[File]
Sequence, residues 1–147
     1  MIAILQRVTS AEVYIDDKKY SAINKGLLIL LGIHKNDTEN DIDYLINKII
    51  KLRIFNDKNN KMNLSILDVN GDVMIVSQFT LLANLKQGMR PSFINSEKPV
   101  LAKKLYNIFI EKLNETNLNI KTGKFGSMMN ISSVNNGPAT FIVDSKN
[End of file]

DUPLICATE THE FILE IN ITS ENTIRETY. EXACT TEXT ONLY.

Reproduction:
Sequence, residues 1–147
     1  MIAILQRVTS AEVYIDDKKY SAINKGLLIL LGIHKNDTEN DIDYLINKII
    51  KLRIFNDKNN KMNLSILDVN GDVMIVSQFT LLANLKQGMR PSFINSEKPV
   101  LAKKLYNIFI EKLNETNLNI KTGKFGSMMN ISSVNNGPAT FIVDSKN